“An elderly White father said after the funeral of his assassinated brothers, “I turned towards the Father, giving thanks during the burial of my brothers, the four victims of Tizi-Ouzou. I recall the closed shops along the route of the funeral cortege, and the silent crowd who joined it as far as the cemetery. Imagine ... four Christian missionaries led to their resting place by a crowd of [about 4,000] Muslims; and even more, on entering the cemetery, this crowd emitting youyous and applauding as if for their own martyrs.

Msgr. Teissier, present to the concourse of sympathetic Muslims, was able to find the words which expressed fully the meaning of this demonstration by affirming: "The Mission of the Church is to find and raise up brothers." That's exactly, it seems to me, what this gathering expressed, a witness to a love which had been recognized and shared. This moment will remain the summit of my missionary life, a luminous memory until the end of my existence.” (58).

Sisters Angele-Marie and Bibiane.

The Sisters, on their quiet walk from the Eucharist, were slain beyond any humanity. As they lay in the street dying gunned down no one dared to go to their aid. That is the depth of terror by which people were reduced by the Islamic extremism.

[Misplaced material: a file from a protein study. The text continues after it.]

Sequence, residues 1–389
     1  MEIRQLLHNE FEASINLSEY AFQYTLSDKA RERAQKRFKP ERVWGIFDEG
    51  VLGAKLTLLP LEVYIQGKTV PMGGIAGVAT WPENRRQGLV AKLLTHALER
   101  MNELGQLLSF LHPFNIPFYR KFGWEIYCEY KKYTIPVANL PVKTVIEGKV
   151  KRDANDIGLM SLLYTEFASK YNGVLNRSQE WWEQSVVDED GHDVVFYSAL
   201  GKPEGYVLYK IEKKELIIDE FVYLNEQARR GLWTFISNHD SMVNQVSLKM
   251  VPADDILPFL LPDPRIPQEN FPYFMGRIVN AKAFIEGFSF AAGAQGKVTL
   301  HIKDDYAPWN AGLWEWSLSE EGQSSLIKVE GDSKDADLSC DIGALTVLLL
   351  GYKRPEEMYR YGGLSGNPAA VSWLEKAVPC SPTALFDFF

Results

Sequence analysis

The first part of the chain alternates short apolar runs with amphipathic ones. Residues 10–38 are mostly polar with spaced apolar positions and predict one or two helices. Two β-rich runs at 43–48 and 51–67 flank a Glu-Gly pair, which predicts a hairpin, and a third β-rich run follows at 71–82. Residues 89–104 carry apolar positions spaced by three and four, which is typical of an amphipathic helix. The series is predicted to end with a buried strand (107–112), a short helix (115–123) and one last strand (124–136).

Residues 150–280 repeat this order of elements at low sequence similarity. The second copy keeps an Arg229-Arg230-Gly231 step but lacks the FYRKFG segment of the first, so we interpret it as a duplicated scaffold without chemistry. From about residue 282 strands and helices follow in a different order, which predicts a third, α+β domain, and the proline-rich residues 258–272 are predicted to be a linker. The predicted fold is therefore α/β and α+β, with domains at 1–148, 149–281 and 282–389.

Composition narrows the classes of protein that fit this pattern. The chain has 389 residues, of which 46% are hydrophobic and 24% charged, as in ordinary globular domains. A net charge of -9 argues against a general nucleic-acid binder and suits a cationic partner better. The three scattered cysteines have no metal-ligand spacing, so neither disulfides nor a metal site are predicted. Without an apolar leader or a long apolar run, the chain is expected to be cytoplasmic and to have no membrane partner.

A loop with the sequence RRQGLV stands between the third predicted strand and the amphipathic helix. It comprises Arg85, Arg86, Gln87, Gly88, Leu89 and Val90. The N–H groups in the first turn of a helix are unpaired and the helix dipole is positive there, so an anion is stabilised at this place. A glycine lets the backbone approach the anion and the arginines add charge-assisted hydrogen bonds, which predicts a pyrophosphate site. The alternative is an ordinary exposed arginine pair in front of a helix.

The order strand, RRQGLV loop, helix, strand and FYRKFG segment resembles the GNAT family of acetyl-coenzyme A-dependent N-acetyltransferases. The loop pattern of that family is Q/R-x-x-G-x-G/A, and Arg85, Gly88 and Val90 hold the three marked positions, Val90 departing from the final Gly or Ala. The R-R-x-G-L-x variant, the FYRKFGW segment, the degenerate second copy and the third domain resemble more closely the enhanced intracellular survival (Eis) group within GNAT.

Fear Reigned (Pere Lafitte). “At the time of the killing of the Sisters, Islamic violence was at its height and fear reigned … Despite the fact that the Sisters were universally loved and admired in Belcourt, people were too frightened to show their support after their deaths. Pere Lafitte had to move their belongings with only the help of two religious, one of them elderly. There was only one elderly woman from the area who had the courage to help them. At their funeral there weren't even ten Algerians. Everyone was terrified of the consequences of being seen to oppose the Islamists. . ."You had to leave people to die”. (53-54)

(As I recall the occasion, in October 1996, at the Cistercian General Chapter at Tre Fontane, Rome, Henri Teissier preached the Homily in the remembrance of the Seven Atlas Martyrs. Among introductory comments he said, “I think there is no other monastery in the world which has such a general relationship with the members of the local Church. In this very small Church all had a personal bond with the monastery”).